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Bearded Mickey Mouse cartoon stirs anger in Egypt

Egyptian businessman Naguib Sawiris, a Coptic Christian and one of Egypt's richest men, has apologized for tweeting cartoons of Mickey and Minnie Mouse in conservative Muslim attire.
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Mickey and Minnie Mouse. An Egypt Christian telecom mogul, one of the country’s richest men, has been accused of mocking Islam after tweeting cartoons of Mickey and Minnie in conservative Muslim dress. (ANDREW ROSS /AFP/Getty Images)

Egyptian telecom mogul Naguib Sawiris has come under fire for tweeting cartoons of Mickey Mouse in a conservative Islamic beard and Minnie Mouse in a face veil.

Sawiris, who is a Coptic Christian and one of the country’s richest men, had re-posted the Mickey Mouse cartoons on Twitter.

The images show Mickey Mouse with a full beard and wearing a traditional Arabic robe. Minnie Mouse is wearing a niqab — a full-body veil — with just her eyes visible. She is identifiable by her large ears and hair ribbon.

The images were already circulating online before Sawiris re-posted them.

Sawiris apologized on Twitter for tweeting the cartoon and said he meant no offence.

"I apologize for those who don't take this as a joke, I just thought it was a funny picture; no disrespect meant. I am sorry," he tweeted.

Ultraconservative Islamists in Egypt, known as Salafis, called the cartoon posted by Sawiris on Twitter a mockery of Islam.

More than 60,000 people have joined Facebook groups condemning him. One of the Facebook groups is named "We hate you Mickey Sawiris," and depicts Sawiris as Mickey Mouse. The group's motto is: "No to mockery of Islam."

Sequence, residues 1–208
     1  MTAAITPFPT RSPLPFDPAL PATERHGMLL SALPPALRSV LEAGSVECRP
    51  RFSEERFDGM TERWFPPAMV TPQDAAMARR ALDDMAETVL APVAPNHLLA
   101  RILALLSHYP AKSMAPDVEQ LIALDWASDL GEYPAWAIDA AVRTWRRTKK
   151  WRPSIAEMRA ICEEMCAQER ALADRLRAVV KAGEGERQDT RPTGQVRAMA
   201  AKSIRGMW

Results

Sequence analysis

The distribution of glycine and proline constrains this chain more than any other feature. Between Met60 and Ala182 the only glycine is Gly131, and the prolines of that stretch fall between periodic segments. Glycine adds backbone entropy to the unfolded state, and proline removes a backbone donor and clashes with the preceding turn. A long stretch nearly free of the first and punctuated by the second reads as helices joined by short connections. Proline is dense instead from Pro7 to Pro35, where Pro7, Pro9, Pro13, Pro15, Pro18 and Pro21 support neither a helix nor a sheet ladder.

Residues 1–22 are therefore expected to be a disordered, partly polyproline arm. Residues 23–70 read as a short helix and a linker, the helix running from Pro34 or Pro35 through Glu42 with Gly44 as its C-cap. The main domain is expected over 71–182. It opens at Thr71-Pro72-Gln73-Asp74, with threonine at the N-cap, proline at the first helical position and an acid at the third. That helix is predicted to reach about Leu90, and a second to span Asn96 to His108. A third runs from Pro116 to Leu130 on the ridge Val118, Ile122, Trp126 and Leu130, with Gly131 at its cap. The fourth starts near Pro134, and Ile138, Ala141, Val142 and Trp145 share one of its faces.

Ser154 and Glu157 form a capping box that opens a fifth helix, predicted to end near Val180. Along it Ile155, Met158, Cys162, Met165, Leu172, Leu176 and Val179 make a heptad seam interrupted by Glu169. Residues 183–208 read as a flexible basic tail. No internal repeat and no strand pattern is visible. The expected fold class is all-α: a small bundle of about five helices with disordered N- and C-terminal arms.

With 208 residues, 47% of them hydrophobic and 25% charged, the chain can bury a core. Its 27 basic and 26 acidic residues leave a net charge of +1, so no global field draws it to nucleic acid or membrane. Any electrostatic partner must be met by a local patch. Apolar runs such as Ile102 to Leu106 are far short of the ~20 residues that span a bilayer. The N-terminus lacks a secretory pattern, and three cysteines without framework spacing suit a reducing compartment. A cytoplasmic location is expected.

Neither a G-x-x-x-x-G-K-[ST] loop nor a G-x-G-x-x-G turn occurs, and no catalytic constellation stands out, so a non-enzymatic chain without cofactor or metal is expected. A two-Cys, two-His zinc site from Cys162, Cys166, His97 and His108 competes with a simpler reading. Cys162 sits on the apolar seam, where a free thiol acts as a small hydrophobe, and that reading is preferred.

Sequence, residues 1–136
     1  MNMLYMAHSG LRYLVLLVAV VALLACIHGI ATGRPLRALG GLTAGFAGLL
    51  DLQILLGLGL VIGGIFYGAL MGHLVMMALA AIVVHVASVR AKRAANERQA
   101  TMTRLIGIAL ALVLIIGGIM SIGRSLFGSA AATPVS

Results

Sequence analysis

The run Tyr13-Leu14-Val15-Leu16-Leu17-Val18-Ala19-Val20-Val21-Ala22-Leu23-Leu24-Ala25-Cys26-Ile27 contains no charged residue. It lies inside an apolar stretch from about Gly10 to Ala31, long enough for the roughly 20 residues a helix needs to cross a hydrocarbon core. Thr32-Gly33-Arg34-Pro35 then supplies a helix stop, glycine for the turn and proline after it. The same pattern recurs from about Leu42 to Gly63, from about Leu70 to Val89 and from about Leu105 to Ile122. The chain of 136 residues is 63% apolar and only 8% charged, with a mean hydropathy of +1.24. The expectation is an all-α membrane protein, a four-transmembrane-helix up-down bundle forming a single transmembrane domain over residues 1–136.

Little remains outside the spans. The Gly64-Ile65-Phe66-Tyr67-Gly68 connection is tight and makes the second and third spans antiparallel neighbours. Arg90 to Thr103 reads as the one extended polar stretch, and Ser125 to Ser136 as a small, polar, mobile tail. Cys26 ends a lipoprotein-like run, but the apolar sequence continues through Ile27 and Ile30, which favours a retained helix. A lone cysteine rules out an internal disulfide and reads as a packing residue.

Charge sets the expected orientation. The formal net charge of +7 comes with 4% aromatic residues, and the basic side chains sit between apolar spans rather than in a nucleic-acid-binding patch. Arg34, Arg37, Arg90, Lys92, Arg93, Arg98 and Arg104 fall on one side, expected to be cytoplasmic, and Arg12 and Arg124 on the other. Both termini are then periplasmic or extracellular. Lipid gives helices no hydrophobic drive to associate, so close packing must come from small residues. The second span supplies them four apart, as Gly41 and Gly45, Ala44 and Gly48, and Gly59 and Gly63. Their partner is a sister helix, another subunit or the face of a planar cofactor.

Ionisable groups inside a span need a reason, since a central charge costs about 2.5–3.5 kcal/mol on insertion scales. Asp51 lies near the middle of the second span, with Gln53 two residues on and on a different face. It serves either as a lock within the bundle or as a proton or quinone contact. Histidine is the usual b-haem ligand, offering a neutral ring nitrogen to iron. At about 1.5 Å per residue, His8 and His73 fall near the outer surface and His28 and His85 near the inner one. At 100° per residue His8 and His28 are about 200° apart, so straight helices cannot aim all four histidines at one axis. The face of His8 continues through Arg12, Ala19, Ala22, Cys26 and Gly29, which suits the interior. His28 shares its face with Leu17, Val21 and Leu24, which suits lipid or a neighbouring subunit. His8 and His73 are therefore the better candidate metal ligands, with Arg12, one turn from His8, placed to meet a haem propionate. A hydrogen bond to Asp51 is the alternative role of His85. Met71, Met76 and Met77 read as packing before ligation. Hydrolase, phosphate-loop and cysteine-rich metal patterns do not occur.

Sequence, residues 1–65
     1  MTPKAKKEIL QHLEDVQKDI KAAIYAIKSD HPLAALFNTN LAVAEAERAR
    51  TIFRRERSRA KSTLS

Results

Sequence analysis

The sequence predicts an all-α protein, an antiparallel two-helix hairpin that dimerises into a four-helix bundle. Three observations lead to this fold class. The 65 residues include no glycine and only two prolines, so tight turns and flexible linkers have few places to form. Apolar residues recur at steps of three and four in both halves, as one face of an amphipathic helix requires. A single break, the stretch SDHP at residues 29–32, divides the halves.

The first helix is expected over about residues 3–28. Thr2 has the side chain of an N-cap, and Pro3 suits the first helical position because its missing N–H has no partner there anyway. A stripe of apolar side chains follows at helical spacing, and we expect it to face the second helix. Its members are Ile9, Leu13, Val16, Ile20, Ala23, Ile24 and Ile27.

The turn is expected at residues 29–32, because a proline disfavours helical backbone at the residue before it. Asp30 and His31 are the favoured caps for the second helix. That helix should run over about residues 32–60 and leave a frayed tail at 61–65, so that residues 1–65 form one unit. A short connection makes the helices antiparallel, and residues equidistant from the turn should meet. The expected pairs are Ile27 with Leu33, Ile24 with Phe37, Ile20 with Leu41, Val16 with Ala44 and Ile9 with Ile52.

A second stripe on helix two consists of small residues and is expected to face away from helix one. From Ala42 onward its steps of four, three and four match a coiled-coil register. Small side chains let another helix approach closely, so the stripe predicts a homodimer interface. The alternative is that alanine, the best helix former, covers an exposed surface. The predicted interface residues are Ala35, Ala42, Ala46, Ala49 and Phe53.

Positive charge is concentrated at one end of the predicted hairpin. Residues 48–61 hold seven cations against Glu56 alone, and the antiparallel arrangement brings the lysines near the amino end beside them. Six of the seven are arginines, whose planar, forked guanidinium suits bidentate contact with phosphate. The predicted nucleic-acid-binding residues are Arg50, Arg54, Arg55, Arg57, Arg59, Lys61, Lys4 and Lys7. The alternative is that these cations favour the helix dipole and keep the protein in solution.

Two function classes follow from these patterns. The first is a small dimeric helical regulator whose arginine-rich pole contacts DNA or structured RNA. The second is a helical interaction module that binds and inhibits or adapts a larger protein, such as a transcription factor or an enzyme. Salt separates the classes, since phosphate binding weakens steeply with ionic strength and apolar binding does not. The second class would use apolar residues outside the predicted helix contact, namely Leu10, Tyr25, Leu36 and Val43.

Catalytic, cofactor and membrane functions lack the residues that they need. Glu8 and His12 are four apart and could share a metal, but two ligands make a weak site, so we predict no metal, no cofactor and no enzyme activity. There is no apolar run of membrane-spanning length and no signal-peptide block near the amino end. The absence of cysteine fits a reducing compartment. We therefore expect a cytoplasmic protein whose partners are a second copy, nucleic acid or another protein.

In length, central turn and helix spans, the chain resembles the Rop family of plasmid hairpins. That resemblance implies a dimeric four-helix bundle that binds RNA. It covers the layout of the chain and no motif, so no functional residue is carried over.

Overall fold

Lawyers from the Salafi movement, which is a purist Islamic sect, have filed a formal complaint against him, and there are calls for a boycott of his businesses, including his telecom company Orascom, which owns Egypt’s largest cell phone company, Mobinil.


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Malaysian government's Facebook faux pas

The Tourism Ministry spent $600,000 on its Facebook presence, which critics say was a total waste.
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A Malaysian professional uses Facebook in Kuala Lumpur on October 31, 2010. (Saeed Khan/AFP/Getty Images)

Some 6-year-olds can do it without any help or even allowance money, but the Malaysian government apparently needed $600,000 to figure out Facebook.

Or so critics say.

Malaysians are up in arms over the fact that the Tourism Ministry spent nearly $600,000 on six Facebook pages.

The pages, one of which is Cuti-Cuti 1Malaysia, are used to promote tourism, and the ministry has said the money went toward everything from coding and flash programming to campaign management, according to the Malaysian Insider.

Still, many netizens feel that it was a misappropriation of funds in a country that still rife with corruption despite its aim to become an economic powerhouse by the year 2020.

In the words of one blogger, Fared Isa: "To think that the Tourism Ministry threw away RM1.8 million of taxpayers' money on something that is free, makes me want to throw up."

To prove how absurd the expenditure was, critics set up the satirical page, Curi-Curi Wang Malaysi — practically overnight ... for free. The page attracted 120,000 followers, at least three times the number the main Cuti-Cuti 1Malaysia page, according to one blogger.


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